And for the longest time, I couldn’t understand why doing everything I wanted to do wasn’t making me happy. I couldn’t understand. There I was studying, working hard, chasing the goals I had, but never feeling truly happy, always feeling like there was something missing, always feeling like I could be so much happier and more fulfilled in life. Even when I had the good grades, and the beautiful girl, and everything—even then, I couldn’t figure out why life felt so dry and boring.
Faith As An Infinite Game: Surrender to Christ
But then one day the Lord smacked me in the face, and I decided to try something new: I decided to give my life to the Lord, to place my life in his hands, to ask, “Lord, what is your plan for me? What is the way you want me to walk?” And to surrender my life to Him. And when I trusted in his plan, when I surrendered, when I followed his way, when I truly began to believe in the resurrection and all that it entails, then life opened up, then life became charged with meaning and life and joy and happiness—a life and joy and happiness that I could not produce.
What changed? I stopped living my life as if it were a finite game. I stopped living my faith as if it were a finite game! I stopped seeing life as some game to win, and rather as a beautiful journey, a journey that when traveled with the Lord results in a meaning and joy and happiness that I did not create, that flowed from Him. And I am by no means standing up here pretending that I’m perfect at this; no, it’s about seventeen and a half times a day that I slip back into thinking that it all depends on me and how hard I can work and what I can do and what “good ideas and plans” I can come up with; and then there is the stress and anxiety and worry. And yet there comes that gentle reminder: “Do not let your hearts be troubled or afraid.” We’re playing a different game. And in this game, this infinite game, the goal is surrender to the Lord, each and every day.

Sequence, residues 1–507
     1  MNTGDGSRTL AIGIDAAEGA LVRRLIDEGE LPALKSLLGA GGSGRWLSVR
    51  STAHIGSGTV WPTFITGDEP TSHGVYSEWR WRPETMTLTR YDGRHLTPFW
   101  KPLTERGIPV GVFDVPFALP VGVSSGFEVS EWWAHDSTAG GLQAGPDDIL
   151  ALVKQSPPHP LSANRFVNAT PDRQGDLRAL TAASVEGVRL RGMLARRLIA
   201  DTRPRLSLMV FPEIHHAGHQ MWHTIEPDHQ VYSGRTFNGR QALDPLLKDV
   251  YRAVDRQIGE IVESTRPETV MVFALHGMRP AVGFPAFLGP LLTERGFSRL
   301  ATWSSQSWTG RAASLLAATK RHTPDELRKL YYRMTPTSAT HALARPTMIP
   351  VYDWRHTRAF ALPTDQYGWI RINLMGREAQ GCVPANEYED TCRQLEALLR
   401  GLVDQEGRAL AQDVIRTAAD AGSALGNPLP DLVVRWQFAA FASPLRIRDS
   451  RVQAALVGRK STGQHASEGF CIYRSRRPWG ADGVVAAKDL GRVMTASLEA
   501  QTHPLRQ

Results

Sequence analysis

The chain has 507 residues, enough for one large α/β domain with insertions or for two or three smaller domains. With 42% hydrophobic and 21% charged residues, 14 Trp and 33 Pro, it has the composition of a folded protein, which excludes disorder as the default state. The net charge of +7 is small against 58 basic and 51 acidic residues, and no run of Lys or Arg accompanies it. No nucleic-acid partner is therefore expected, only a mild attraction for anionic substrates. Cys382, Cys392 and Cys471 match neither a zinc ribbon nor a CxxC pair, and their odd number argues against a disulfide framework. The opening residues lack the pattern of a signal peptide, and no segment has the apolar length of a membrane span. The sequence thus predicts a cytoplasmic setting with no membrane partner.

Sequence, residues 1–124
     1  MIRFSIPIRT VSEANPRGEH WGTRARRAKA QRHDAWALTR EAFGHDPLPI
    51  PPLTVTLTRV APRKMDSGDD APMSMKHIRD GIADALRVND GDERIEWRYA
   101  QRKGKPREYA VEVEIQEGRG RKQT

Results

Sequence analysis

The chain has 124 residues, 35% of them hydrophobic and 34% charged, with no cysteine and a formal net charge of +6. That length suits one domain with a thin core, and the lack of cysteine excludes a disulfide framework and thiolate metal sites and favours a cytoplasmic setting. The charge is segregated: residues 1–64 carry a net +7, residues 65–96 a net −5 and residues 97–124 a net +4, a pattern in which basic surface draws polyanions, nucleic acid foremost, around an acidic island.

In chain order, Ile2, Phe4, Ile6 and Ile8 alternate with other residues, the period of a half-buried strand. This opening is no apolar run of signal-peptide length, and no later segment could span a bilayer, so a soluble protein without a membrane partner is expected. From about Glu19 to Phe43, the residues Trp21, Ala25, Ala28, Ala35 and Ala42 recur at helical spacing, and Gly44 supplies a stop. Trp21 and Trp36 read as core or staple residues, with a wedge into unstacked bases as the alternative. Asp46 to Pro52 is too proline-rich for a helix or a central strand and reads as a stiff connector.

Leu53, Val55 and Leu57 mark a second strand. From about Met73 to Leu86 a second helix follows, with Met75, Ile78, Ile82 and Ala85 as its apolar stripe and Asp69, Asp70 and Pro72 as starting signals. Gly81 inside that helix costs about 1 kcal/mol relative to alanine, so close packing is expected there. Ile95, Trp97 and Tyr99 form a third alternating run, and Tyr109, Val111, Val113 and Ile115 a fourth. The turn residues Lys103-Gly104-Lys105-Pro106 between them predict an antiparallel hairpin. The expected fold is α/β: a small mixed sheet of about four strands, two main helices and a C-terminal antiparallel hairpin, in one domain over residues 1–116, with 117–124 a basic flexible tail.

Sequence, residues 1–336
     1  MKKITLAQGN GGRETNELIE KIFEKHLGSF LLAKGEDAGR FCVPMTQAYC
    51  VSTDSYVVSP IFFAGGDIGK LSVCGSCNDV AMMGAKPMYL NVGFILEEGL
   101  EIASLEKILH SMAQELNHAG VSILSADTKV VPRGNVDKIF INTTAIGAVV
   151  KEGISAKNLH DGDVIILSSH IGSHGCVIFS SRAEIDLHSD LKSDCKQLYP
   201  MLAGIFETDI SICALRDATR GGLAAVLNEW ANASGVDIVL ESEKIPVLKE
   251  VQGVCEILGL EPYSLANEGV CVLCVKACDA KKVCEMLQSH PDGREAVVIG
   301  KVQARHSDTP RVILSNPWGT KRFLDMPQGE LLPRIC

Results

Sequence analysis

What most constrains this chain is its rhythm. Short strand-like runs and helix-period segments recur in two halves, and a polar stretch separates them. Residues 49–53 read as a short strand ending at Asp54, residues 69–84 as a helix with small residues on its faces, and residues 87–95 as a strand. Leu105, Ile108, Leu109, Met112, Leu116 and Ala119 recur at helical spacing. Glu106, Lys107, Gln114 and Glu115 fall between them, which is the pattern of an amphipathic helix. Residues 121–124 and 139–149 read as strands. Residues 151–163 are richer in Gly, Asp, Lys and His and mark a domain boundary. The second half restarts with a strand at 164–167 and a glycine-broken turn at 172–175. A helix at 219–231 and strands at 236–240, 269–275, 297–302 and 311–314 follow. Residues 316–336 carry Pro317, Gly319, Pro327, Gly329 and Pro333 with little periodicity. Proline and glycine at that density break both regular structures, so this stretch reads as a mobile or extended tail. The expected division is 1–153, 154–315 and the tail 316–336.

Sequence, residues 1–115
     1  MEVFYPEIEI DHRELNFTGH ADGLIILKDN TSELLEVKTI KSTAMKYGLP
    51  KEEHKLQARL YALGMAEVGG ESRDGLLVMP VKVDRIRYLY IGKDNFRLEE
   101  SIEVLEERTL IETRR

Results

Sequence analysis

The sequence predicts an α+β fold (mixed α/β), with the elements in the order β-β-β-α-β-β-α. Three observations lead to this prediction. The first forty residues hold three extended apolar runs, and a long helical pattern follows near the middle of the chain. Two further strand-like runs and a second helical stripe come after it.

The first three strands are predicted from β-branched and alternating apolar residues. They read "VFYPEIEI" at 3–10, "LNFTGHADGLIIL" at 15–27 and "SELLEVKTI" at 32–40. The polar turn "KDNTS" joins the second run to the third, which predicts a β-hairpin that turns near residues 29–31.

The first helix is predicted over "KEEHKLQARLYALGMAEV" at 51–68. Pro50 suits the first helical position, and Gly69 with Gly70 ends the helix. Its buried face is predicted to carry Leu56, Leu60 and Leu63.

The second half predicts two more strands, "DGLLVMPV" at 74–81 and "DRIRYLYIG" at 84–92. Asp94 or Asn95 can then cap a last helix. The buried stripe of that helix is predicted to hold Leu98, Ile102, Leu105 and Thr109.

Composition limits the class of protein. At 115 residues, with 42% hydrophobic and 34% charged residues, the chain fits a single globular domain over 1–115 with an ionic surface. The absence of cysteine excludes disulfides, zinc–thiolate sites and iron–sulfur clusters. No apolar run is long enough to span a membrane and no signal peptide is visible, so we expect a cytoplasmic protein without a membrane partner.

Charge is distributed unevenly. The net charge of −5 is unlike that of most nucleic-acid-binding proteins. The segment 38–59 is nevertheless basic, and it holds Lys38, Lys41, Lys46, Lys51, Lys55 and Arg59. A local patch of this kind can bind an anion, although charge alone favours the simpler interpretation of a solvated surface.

The Infinite Game’s “Reward”: A Peace the World Cannot Give
Life is not finite. Our faith is not finite. No, this is eternal, it is infinite, and eternal life starts now! The Lord has laid out a plan before you, a way to walk, and it is a way which leads only to happiness and fulfillment and joy. And he asks you to follow him, to trust him, to surrender your life into his hands. This can be terrifying—trust me, I know—because it can feel like we’re not doing things like we should be doing them, we’re not being rewarded like we think we should be rewarded.
But the Lord does not ask us to walk a path that makes us miserable. It’s just that the way that the world measures and identifies success—well, not as the world gives does Christ give (c.f., John 14). And yet, counterintuitively, he fulfills us, he gives us a newness of life, he gives us his own life. Again, it doesn’t make a lot of sense! The “math” doesn’t work! And yet it does.
There is a reward to surrendering your life to the Lord, there is a prize to be had even now: “Peace I leave with you; my peace I give to you.” Peace. And not just the absence of conflict, not just everything being “good” in your life, no. Peace. The peace of Christ. A peace which the world cannot give. A peace that remains even when everything around you says you should not have any peace. A wholeness and completeness and fulfillment that the world cannot give.
Try it. This week. Seriously, try it. In very real, very concrete ways—maybe write them down—surrender your life into the Lord’s hands. Place your life in his hands. Start small or go big and go home. But then pay attention. Pay attention to the ways that the Lord responds, to the ways a peace not from yourself, not from anything you did—but the peace that flows from the newness of life won in his death and resurrection begins to invade you life, begins to make your life new.